Just 282 applications have been filed so far — meaning about 96 percent of all short-term rentals in the city are illegal today
By Tim Redmond
FEBRUARY 18, 2015 — Only a tiny fraction of the short-term rental operators in San Francisco have signed up to join the legal registry.
City Planning Department staff reported to me this week that 282 appointments have been scheduled between the Feb. 1 legalization date and the end of April. That’s about four percent of the existing Airbnb and VRBO units.
If hosts continue to sign up at this rate, it would take six years for all of the estimated 6,200 units in town to become legal.
It also means that 96 percent of all the short-term rentals currently operating in San Francisco are illegal.
According to the City Planning Department website:
You may not rent your unit (in all or a portion) as a short-term residential rental until you have received a Short-Term Residential Rental Registration number from the Planning Department.
Some of the backlog is simply due to the staffing limitations of the Planning Department – a sign that critics had a point when they said that the legalization would tax existing resources and that the rules would be almost impossible to enforcement.
The department requires all would-be Airbnb hosts to provide a valid business license from the Treasurer’s Office, proof of $500,000 in liability insurance, and proof that the place for rent is actually the hosts primary residence.
Each person can register only one unit.
It’s clear that many of the existing rentals aren’t primary residences. In New York, for example, this nifty little tool lets you check on Airbnb rentals shows, one third of all listings come from hosts with multiple units.
If that’s the same pattern in San Francisco, then about 2,000 Airbnb listings will never be in compliance with city law. That’s a lot of units, and so far, I’m not seeing any signs that the number of available Airbnb rentals has dropped by one-third in the past few weeks. “Actually, the numbers are up,” Dale Carlson, who is working with a group that wants to better regulate short-term rentals, told me.
Which raises two questions: If a new law is passed and nobody decides to use it, was the law worth anything in the first place?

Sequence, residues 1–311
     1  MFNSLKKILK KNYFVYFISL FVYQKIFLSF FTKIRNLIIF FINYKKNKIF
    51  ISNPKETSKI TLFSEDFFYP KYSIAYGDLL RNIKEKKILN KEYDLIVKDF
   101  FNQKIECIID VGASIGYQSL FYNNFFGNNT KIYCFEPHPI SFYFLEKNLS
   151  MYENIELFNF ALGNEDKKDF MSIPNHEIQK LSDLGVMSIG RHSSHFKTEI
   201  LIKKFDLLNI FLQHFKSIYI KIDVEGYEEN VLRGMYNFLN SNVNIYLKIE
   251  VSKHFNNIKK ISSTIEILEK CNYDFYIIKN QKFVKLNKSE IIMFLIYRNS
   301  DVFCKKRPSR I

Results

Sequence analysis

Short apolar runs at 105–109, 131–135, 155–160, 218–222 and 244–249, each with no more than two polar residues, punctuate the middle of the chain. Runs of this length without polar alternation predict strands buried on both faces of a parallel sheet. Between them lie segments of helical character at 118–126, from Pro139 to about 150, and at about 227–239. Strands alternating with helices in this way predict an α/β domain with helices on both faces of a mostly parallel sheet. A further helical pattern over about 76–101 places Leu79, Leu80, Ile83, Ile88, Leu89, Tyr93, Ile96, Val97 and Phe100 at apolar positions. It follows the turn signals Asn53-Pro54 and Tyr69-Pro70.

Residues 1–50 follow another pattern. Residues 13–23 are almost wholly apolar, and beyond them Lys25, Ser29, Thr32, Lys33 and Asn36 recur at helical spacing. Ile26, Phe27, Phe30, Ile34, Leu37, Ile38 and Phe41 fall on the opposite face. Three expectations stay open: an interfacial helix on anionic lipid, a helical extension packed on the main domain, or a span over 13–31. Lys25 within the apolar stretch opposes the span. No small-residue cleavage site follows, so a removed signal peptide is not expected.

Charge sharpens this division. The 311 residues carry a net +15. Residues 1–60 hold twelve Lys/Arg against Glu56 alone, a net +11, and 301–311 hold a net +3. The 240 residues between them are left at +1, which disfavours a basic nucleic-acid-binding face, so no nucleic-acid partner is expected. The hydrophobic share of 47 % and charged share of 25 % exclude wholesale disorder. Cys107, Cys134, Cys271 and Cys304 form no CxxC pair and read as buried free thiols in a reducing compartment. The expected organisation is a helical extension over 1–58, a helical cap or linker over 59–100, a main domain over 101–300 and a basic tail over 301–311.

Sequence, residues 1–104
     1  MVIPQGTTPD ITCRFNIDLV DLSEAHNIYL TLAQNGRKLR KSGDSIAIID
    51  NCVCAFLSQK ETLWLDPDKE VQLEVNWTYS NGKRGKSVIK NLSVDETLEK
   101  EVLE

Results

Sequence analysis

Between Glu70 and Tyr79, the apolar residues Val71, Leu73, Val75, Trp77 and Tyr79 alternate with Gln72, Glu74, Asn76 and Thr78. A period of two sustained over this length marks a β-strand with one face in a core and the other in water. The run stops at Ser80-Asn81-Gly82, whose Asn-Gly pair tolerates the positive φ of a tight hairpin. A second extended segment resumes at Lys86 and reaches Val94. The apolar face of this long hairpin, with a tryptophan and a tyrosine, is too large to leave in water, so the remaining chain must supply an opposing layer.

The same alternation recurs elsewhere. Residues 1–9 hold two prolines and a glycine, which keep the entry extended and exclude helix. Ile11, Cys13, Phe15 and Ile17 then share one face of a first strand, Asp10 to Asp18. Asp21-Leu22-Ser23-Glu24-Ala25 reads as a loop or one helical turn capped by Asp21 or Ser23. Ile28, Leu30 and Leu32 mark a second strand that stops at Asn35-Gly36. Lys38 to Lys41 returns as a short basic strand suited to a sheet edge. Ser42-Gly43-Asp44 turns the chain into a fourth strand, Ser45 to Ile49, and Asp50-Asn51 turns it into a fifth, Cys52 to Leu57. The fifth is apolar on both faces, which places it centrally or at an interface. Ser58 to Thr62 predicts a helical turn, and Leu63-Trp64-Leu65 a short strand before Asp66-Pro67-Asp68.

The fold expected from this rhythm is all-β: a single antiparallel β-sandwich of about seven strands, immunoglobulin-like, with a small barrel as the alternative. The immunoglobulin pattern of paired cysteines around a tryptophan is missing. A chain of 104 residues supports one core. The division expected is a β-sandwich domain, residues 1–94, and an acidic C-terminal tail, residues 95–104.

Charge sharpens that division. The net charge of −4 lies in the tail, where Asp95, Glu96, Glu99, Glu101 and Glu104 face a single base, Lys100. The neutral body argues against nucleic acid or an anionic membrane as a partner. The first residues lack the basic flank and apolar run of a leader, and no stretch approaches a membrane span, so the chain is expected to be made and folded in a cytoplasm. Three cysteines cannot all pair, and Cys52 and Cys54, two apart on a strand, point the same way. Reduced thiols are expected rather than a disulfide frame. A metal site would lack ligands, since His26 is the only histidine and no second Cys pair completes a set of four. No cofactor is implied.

And now that it’s clear which units are legal and which aren’t legal, when will the city start enforcing the rules and shutting down the illegal ones?
Again, by the city’s own rules and statements, nobody can rent out a short-term unit without a permit. There are fewer than 300 appointments so far, which means only a handful of permits have been issued.
Go to Airbnb.com and look up San Francisco. There are thousands of places listed for rent.
I can see the Planning Department, overwhelmed with applications, giving amnesty to anyone who has actually filled out the paperwork and asked for an appointment. Gina Simi at planning notes:
it’s still very early. At this time we’re focused on efficiently implementing the application process for the residents who make an appointment and have been successful in doing so since the ordinance went into effect. We’re strongly encouraging residents to visit our website (www.sf-planning.org/
shorttermrentals) to familiarize themselves with the conditions and information they need to provide before they call to schedule an appointment.
But that website says you can’t rent your place without a permit. What about those thousands that are on the market today whose owners or tenants have made no effort to comply with the law?
Portland, Oregon, passed an Airbnb legalization law last summer. But almost nobody there has signed up for permits, either. And now (unlike San Francisco) Portland has moved to fine the hosting platform –that’s Airbnb — $500 a day for every listing that doesn’t show a permit number.
If San Francisco doesn’t do something like that, will we have to wait six years for the company to follow the rules?
Maybe not: Carlson said that a ballot initiative for the fall is pretty much 100 percent. “We’re going,” he said.